“Conforming” is a worrisome word. Even though we live in a society in which conforming is sometimes necessary to maintain peace and tranquility, being “sheeple” does not make for progress, nor does it foster independent thinking. When ideas about male and female are challenged, a standard reply is usually “that’s just the way boys/girls are.”
You may have heard about the Canadian parents who decided to raise their child in a gender-free environment. They named the child Storm and did not reveal to anyone if it was male or female, including the child. Instead of focusing on specific gender-oriented colors, toys, or clothes, they simply offered a variety of choices to allow Storm to develop its own natural inclinations without being influenced one way or the other. The birth announcement said, “We’ve decided not to share Storm’s sex for now—a tribute to freedom and choice in place of limitation, a stand up to what the world could become in Storm’s lifetime (a more progressive place? …).” How amazing, I thought, that these parents were truly giving their child an open field to run in any direction. Instead, however, many were appalled at the notion of a child not being given gender cues and, as a result, Kathy Witterick and David Stocker received a barrage of negative and sometimes irate reactions from the media, as well as the public and even child psychologists. Based on much of the commentary, you would’ve thought these people were monsters. What I found so interesting about it was the suggestion that the child wouldn’t know its own gender and end up confused and perhaps even transgendered. It seems to me, although I’m no psychologist, that the child indeed has a gender whether or not it is actually called a boy or girl. (I mean, what did the Neanderthals do without language or the colors pink and blue?!) The parents said nothing about denying their child’s actual biological makeup.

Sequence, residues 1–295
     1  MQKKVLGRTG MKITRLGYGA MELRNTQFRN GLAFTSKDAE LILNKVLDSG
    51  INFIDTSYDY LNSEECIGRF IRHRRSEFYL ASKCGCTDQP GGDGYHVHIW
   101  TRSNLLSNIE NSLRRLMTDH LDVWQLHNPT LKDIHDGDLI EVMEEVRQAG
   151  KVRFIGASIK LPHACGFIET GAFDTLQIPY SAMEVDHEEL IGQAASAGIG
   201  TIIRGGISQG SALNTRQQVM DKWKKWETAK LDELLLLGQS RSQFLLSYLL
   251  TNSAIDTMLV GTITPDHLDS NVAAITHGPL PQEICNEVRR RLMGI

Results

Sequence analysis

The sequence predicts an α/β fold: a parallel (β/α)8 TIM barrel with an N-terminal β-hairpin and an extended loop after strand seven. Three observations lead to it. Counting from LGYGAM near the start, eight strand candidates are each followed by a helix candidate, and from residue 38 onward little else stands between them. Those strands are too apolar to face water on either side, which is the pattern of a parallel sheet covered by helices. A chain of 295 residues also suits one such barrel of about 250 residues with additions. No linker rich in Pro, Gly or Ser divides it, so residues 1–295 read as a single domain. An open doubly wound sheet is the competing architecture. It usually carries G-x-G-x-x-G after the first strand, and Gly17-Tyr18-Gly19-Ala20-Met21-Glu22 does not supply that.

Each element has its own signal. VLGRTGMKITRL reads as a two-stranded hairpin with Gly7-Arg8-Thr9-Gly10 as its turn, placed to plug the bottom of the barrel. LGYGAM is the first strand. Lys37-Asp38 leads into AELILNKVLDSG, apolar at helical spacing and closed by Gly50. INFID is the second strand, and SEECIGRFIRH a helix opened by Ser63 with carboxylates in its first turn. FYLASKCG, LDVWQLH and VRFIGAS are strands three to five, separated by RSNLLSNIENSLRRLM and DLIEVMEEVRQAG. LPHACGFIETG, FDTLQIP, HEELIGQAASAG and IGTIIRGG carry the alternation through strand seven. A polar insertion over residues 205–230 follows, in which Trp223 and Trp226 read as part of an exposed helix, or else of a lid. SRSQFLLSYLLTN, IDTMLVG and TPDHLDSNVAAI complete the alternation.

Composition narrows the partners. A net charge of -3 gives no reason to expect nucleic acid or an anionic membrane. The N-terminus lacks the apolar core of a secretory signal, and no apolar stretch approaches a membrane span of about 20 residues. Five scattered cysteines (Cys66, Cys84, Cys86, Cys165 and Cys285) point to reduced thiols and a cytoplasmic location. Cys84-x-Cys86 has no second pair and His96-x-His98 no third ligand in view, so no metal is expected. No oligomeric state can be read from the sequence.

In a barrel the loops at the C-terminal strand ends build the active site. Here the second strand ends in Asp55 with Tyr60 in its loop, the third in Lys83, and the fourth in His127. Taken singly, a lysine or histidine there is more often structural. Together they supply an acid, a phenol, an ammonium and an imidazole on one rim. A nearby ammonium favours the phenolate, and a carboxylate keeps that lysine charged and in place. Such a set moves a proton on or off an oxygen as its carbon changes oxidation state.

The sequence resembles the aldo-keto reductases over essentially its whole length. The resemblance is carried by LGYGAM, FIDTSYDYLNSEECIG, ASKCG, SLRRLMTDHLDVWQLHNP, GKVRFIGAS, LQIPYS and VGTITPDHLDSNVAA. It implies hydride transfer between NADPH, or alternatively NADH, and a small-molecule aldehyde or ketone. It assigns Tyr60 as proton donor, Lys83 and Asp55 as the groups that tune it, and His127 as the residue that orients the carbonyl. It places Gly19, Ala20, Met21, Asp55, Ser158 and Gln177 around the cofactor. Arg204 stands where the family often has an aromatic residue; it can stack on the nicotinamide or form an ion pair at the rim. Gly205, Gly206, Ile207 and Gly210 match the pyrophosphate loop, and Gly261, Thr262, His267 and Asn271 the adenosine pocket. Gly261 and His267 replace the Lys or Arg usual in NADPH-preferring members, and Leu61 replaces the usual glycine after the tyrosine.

All of this leads me to believe that one of the biggest challenges is delineating between actual gender differences (boys tend to develop language skills later than girls) and superficial differences (only girls can have pink toenails) and convincing some that this is not about removing gender, being gender-less, or turning a girl into a boy or a boy into a girl. It is not about a t-shirt. But it could be about words that just happened to be on a t-shirt. It could be about making a fuss over a little girl who carries a Star Wars water bottle or a little boy who dresses as a princess. Promoting negative gender stereotypes in any way, shape, or form means limiting our children’s potential. And if I have to continue to be a soldier in the gender war to help the cause, so be it.
Michele Yulo is the founder of Princess Free Zone, Inc., a brand and blog that offers an alternative to all things princess for little girls by addressing issues of gender and gender stereotyping. She has a Master’s degree in English from Georgia State University and enjoys writing and enlightened discourse. You can visit her website at www.princessfreezone.com , join PFZ on Facebook or email her at firstname.lastname@example.org.
Photo credit Andi Smith/Flickr